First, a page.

This week NATO unveiled a draft version of its long-awaited New Strategic Concept – dubbed “NATO 3.0”. For all its complexities, this new vision of life in the 21st century must answer one very simple question: what is NATO for?
NATO 1.0 had a clear purpose: to defeat the Soviet Union. It worked beautifully. But with the end of the Cold War, the alliance lost its enemy and its mission, and NATO 2.0 was left fumbling for relevance. It expanded eastwards, but the logic of doing so was never clear. It was ill-suited to combating a new foe, “terror”. And its biggest-ever operation, the war in Afghanistan, has been a mess, exposing the lop-sided beast into which NATO has mutated, the brawny US on one side and willowy Europe on the other. The partnership has grown embarrassingly unequal, a two-tier alliance in which the Americans and a handful of other countries do the fighting, while the rest of the 28 member states hover girlishly on the sidelines whenever the bullets start to fly.
“Afghanistan has painfully exposed the need for more cooperation and coherence between member states,” says Dave Clemente of UK think-tank Chatham House. “But NATO is still important: it would be very hard to subsume NATO’s responsibilities into the EU, for example, and of course the US also has its interests. What NATO has to do is find new ways to make its presence felt.”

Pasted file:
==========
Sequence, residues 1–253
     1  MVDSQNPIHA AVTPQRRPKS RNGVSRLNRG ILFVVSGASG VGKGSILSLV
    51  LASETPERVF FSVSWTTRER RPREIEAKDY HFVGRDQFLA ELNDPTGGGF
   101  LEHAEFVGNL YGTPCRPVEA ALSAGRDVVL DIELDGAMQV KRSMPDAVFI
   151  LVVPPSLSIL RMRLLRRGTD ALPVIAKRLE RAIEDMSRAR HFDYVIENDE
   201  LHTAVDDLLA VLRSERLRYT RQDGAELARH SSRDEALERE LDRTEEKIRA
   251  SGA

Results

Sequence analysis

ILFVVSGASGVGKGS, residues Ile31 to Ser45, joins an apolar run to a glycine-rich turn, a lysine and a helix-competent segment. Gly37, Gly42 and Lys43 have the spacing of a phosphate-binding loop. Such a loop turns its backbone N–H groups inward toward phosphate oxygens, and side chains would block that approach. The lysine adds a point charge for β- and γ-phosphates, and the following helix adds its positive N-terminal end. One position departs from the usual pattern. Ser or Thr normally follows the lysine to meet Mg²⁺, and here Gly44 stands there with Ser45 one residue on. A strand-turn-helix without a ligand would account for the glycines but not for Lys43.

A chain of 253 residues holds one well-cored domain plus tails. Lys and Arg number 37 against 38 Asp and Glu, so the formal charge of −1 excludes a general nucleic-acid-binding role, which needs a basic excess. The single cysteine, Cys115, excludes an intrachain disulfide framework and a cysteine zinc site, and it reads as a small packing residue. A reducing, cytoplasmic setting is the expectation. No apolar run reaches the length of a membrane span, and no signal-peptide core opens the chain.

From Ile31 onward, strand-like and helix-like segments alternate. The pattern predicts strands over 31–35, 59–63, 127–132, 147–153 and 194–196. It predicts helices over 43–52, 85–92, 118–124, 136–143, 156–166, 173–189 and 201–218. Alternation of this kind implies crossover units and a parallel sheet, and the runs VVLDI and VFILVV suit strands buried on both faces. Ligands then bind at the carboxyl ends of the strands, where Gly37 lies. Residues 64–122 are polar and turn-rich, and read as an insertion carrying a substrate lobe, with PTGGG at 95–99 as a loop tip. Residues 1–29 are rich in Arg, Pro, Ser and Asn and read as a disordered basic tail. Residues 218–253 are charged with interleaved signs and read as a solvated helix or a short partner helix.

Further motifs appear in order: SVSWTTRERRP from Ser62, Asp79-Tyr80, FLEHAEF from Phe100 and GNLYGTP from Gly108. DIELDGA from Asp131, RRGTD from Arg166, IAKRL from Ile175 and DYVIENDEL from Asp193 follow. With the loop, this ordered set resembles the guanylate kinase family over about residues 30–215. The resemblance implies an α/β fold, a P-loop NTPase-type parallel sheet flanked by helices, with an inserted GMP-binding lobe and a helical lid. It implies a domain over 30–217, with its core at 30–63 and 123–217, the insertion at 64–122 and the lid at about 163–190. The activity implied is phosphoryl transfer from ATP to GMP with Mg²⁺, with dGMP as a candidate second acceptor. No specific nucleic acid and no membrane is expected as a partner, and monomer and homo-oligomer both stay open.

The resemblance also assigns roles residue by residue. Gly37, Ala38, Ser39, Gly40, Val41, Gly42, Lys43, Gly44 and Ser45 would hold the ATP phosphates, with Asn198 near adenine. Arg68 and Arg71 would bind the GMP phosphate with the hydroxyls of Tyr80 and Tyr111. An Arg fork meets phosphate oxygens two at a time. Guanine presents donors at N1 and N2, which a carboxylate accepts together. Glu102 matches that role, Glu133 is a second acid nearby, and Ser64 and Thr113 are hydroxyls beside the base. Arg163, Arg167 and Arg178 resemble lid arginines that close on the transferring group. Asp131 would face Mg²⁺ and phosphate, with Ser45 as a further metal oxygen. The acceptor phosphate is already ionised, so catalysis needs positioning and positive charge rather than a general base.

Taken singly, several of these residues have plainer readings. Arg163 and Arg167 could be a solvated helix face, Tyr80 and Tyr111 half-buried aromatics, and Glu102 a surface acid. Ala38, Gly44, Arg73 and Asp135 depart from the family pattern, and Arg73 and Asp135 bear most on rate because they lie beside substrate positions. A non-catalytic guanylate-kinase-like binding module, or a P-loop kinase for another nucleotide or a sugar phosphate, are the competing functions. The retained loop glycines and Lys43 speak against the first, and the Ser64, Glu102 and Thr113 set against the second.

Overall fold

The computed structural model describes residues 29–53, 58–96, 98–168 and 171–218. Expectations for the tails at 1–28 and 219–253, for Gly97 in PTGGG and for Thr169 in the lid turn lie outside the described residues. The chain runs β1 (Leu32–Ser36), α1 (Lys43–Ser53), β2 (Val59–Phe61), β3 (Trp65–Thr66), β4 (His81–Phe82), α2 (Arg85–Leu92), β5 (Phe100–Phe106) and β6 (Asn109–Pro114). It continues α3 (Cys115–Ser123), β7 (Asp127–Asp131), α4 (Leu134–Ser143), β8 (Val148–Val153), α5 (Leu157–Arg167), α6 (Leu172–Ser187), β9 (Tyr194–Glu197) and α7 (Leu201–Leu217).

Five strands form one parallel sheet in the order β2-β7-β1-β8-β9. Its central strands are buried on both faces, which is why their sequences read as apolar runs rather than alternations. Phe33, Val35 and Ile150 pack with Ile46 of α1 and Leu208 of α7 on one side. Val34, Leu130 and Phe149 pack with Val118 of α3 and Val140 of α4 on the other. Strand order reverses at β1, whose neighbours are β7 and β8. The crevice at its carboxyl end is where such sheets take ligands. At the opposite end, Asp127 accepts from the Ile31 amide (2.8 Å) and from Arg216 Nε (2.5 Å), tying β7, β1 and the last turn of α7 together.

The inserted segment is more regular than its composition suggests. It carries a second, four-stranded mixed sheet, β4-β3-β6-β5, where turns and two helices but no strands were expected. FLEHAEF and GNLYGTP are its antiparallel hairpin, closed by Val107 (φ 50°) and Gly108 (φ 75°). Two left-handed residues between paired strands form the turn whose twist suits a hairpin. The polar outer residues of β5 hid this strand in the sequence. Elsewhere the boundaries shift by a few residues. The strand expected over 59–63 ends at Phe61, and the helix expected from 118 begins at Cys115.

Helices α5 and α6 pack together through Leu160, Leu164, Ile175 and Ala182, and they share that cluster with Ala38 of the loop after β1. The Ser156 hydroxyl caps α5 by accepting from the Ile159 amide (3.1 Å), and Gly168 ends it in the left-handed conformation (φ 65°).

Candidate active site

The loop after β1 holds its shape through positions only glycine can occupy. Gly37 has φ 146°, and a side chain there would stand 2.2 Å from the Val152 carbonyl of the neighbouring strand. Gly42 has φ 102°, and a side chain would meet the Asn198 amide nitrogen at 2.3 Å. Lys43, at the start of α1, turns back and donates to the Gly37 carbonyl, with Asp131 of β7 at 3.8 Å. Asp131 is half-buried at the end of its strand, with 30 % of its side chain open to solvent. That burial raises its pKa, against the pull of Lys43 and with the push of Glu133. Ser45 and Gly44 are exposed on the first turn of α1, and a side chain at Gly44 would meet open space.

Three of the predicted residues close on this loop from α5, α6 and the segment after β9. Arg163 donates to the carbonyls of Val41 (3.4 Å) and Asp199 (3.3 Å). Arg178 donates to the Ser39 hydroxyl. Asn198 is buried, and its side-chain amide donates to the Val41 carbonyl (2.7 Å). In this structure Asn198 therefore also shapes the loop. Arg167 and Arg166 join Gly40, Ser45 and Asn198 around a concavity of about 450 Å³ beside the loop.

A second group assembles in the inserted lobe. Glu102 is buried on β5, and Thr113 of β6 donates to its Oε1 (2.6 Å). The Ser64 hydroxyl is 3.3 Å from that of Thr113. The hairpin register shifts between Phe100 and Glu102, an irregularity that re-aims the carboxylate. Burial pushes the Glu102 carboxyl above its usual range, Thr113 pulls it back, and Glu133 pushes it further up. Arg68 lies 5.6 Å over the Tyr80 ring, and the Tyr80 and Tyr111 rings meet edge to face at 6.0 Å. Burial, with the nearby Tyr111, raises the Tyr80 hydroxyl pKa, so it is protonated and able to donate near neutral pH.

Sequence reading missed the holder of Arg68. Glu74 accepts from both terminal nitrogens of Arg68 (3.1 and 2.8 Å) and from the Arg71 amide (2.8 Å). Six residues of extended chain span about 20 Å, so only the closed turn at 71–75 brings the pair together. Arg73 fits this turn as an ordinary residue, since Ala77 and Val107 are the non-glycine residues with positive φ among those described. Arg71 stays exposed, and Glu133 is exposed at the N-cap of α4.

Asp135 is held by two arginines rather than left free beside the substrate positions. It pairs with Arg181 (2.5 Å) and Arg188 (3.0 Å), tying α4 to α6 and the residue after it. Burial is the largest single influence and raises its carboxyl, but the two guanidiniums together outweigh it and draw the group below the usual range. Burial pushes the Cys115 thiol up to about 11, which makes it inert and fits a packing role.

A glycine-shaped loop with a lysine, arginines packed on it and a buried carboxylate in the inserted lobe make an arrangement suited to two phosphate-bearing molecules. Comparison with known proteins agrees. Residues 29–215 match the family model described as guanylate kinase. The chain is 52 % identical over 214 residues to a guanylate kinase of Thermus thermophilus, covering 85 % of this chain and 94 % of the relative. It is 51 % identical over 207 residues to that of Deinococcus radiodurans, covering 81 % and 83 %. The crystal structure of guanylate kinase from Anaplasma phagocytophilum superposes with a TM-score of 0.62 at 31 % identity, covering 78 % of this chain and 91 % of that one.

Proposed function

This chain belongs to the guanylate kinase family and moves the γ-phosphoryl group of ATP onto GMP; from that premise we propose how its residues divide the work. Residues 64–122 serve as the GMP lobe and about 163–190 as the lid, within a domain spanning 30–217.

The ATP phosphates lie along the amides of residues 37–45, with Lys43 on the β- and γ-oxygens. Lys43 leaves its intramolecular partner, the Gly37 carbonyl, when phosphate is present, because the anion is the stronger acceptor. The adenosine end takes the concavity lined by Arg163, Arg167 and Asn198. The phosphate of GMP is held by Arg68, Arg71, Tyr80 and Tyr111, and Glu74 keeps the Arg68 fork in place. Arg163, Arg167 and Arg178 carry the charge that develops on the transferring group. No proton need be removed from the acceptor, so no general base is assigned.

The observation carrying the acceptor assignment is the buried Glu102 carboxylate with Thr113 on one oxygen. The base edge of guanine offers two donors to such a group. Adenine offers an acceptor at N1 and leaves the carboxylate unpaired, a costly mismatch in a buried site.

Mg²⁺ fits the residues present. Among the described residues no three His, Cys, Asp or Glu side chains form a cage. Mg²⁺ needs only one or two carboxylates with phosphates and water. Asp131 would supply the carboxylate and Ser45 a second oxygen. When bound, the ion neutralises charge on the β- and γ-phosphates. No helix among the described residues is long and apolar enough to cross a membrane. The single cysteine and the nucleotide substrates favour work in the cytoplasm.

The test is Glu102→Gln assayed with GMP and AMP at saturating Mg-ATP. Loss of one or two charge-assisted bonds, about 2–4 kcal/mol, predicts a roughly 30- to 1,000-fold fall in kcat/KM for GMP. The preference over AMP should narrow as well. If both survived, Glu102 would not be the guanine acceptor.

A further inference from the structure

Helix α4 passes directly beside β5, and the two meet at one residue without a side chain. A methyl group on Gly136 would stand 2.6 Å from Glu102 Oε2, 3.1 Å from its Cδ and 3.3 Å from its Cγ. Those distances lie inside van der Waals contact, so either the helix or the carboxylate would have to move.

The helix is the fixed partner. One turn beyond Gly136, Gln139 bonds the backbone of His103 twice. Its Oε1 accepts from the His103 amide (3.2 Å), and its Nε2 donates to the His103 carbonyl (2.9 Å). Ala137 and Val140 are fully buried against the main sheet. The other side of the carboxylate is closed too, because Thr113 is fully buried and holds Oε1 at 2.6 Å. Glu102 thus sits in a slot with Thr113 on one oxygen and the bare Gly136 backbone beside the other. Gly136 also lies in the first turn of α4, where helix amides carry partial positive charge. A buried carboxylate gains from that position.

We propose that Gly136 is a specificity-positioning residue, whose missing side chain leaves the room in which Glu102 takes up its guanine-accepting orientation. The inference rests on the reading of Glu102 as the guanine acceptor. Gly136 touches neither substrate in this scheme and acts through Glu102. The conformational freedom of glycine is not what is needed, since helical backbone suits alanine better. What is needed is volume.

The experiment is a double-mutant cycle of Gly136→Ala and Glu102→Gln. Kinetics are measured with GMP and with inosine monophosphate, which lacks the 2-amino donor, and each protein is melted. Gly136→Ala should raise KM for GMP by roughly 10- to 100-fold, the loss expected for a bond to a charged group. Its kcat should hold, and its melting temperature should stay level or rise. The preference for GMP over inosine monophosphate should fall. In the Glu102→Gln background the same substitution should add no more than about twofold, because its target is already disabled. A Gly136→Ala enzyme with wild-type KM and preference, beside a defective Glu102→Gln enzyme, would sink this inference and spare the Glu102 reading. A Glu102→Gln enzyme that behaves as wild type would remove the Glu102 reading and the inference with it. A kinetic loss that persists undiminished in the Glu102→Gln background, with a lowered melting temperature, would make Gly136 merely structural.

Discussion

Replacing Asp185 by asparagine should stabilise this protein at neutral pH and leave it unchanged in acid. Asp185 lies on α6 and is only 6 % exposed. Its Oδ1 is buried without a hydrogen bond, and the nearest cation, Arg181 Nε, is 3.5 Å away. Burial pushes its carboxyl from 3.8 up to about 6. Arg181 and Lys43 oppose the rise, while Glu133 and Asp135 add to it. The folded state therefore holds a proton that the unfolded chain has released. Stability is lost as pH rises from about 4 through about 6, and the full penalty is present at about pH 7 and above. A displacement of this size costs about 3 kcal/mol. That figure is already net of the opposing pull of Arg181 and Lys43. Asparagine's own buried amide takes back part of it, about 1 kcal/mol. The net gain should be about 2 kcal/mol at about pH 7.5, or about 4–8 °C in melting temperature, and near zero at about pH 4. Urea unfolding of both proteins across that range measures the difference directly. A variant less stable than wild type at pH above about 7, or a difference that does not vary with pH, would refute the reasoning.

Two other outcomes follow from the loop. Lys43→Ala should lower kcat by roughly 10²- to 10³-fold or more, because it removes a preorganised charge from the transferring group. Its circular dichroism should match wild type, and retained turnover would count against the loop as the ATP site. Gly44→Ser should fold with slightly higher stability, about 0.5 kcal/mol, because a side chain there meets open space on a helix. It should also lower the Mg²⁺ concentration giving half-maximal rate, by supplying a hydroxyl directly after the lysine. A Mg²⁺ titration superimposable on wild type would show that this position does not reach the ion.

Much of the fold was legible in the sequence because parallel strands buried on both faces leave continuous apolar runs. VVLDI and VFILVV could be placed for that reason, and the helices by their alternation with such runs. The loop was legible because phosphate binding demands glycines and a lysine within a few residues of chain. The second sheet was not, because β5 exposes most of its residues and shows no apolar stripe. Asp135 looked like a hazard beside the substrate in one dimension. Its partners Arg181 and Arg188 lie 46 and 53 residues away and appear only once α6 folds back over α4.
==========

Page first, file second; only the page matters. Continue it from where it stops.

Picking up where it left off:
The question is whether NATO 3.0 can heal these fractures and make the alliance whole again, justifying its existence in the process. This week, Secretary General Anders Fogh Rasmussen put some flesh on the bones: he plans to reduce NATO’s headcount from 13,000 to 9,000 and cut the sprawl of NATO agencies from 14 down to just three. But what will this leaner, meaner (and cheaper) NATO actually do?
First, NATO 3.0 aims to turn the age of austerity to its advantage and become an important resource for defence procurement. NATO currently owns little equipment – it mainly uses gear owned by member states – but that will change as cash-strapped allies pool their funds and buy joint NATO kit. The UK’s announcement of deep defence cuts this week emphasised how NATO could play a valuable role here.
Secondly, Rasmussen unveiled a €147m plan for the building and running of a missile defence shield covering NATO member states. This may be a worthy idea, given the missile programmes of countries such as Iran and North Korea; but alone it is not enough to justify the alliance’s continuing existence. Moreover, it can be nigh on impossible to push through reforms in an alliance of 28 countries. “These proposals could easily run aground on the rocks of political infighting,” warns Clemente.